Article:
Looking at the other side of the living room project, it was also fascinating to read about the UK’s first smarthome with Apple home kit baked in. The obviously scares the life out of me but every buyer of smart homes should read the house which spied on me and also the follow up which explains how it worked.

The house which spied on me

In December, I converted my one-bedroom apartment in San Francisco into a “smart home.” I connected as many of my appliances and belongings as I could to the internet: an Amazon Echo, my lights, my coffee maker, my baby monitor, my kid’s toys, my vacuum, my TV, my toothbrush, a photo frame, a sex toy, and even my bed.

Its super revealing and a very good long read. It speaks volumes about the different data which flows around our homes and spaces like the living room.

So what you waiting for, get yourself a ticket now!

Remember what Zuckerberg said about its trusted users?

Mark Zuckerberg is “deluded” by his own faith in Facebook’s ability to be a force for good in the world.

I have so many pieces saved in my wallabag archive about the faccebook/cambridge analytica data issues (it is not a breach!). As I read, more information comes to light.

But I am always reminded of what Zuckerberg said about its trusted users… and it sums up so much.

Dumb fucks…

The thing about the statement is although it might be throw away in nature it speaks volumes about the way Zuckerberg thinks about Facebook users. It also interesting to think how Facebook is makes users feel that way, taking the power and control out of their hands. The reactions to the reveals have been so-so like when Edward Snowdon revealed the mass surveillance of millions of citizens around the world.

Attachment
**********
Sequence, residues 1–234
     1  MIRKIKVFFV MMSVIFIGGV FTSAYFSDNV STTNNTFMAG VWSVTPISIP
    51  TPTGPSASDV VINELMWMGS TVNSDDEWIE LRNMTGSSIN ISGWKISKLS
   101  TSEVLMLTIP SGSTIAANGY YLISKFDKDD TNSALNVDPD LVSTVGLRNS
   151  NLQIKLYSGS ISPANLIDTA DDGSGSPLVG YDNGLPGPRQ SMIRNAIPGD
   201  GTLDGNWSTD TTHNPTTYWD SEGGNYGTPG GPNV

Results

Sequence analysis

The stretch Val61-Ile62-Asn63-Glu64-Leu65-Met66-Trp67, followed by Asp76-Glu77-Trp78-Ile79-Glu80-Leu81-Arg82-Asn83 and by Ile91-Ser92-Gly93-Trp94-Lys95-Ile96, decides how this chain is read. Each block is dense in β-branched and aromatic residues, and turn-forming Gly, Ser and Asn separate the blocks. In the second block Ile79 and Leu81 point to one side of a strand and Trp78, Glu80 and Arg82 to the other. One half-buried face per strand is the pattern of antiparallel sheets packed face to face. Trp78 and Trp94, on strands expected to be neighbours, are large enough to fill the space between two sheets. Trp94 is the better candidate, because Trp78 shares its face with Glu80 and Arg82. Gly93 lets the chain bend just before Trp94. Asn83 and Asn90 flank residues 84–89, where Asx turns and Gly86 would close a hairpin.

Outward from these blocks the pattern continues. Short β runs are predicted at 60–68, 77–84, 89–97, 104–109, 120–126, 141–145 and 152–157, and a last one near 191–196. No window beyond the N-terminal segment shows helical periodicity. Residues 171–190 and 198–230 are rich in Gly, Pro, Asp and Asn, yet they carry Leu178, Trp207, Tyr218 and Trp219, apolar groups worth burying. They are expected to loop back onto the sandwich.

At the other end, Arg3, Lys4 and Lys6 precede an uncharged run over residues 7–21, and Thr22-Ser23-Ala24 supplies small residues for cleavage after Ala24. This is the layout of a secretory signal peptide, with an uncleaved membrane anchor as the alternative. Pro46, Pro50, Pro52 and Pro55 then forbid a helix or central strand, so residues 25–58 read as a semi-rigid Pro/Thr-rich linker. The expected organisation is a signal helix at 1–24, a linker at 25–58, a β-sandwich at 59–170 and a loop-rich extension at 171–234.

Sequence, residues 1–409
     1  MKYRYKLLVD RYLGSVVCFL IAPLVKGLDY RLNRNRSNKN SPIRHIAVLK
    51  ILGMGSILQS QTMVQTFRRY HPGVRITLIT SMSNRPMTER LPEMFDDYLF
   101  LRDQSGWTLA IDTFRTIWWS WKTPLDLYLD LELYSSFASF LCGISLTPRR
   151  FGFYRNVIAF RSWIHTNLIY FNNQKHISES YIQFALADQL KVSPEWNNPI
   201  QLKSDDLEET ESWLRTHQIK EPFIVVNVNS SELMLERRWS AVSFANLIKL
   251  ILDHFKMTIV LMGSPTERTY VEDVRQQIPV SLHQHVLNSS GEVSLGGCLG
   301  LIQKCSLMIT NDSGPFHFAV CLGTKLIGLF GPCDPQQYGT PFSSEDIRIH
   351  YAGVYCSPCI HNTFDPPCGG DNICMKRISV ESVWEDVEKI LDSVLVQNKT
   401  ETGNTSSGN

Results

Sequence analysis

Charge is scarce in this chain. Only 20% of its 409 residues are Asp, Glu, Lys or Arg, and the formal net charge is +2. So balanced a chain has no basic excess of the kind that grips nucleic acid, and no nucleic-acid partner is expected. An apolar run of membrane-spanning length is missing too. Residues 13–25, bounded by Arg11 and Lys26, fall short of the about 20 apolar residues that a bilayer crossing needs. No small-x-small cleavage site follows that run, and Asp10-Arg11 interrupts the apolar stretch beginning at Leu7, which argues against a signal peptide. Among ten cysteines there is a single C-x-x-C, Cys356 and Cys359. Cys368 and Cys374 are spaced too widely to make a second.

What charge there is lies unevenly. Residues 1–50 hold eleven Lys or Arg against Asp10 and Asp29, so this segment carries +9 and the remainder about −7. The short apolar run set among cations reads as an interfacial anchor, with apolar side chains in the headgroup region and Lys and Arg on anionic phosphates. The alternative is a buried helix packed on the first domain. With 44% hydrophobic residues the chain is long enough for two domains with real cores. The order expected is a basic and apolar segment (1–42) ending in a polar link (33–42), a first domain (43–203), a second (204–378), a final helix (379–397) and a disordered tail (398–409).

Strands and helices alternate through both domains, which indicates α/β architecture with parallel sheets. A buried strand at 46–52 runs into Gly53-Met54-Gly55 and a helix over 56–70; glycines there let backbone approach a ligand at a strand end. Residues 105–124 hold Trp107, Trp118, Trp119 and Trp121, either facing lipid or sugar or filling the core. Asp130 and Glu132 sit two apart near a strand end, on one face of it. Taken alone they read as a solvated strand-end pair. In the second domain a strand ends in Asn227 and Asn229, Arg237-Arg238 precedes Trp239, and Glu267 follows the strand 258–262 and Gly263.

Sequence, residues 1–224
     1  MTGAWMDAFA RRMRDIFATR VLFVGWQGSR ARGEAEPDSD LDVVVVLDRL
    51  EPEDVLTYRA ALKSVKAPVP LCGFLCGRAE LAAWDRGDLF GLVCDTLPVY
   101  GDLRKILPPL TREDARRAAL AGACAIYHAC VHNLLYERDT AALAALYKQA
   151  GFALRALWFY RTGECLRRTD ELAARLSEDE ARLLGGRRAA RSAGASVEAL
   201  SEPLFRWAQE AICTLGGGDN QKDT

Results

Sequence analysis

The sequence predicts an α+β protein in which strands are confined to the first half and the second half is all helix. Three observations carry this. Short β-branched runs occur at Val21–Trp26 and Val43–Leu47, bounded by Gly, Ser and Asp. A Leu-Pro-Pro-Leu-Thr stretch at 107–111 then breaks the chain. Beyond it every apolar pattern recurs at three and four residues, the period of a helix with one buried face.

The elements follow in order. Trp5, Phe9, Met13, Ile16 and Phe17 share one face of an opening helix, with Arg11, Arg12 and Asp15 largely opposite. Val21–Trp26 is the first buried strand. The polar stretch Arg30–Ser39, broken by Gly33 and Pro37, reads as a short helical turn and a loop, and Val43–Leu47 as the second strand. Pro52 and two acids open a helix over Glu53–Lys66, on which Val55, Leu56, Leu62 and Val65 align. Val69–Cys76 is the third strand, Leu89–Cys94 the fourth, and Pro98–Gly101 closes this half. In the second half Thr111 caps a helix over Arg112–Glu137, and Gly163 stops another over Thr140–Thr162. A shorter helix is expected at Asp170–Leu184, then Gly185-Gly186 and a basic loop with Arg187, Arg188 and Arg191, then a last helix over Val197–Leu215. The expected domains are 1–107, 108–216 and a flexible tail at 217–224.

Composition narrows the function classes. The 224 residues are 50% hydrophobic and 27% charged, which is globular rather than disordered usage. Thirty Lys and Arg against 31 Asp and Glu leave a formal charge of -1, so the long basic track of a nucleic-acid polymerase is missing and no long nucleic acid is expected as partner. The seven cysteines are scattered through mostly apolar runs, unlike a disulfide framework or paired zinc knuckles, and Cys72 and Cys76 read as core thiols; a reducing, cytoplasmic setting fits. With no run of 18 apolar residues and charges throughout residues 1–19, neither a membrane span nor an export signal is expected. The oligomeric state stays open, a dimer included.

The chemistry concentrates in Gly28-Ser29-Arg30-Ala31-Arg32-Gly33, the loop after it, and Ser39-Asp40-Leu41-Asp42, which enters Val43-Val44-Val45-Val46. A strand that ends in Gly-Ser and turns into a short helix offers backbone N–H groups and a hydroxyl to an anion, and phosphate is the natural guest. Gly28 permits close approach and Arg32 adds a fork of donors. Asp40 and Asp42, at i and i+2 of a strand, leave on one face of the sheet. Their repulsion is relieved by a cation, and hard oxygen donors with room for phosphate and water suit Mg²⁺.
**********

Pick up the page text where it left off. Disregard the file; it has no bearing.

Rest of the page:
But its super clear, no matter how powerless we all feel, its super important to not lose sight that these giant companies have weaponised data, algorithms and psychology against us all. Running from one service to another isn’t so helpful in the long run.

We need to be more conscious about our decisions physically, mentally and virtually or be the dumb fucks Zuckerberg talked about.

Quantifying my attention across devices

Rescue Time in Jan 2018My frustration with tracking my smartphone use, the apps permissions and data use; drove me back to rescue time.

I decided it’s time to combine the time I spend on different devices together in a sensible way. Previously I had used rescue time even with the bulk collection of personal data a worry. But a long time ago there was no sensible rescue time tracker/scrobbler for Linux. I remember trying the early betas and not being impressed at all.

So coming back years later I was happy to see a scrobbler on every platform including android and Linux. Not even a tgz but a deb package which is easy as pie on Ubuntu. After installing it and recovering my old account; I was up and going quickly. It doesn’t use much resources on android or Linux and sits quietly in the background.

The breakdown is impressive and making changes to the categories makes things very interesting. For example here’s Monday time (bear in mind I was ill in the morning but you can see once I was awake, I was off and running)

RescueTime - Categories 10 jan

I also have Hamster time data which I can combine if I like to really understand and drill down.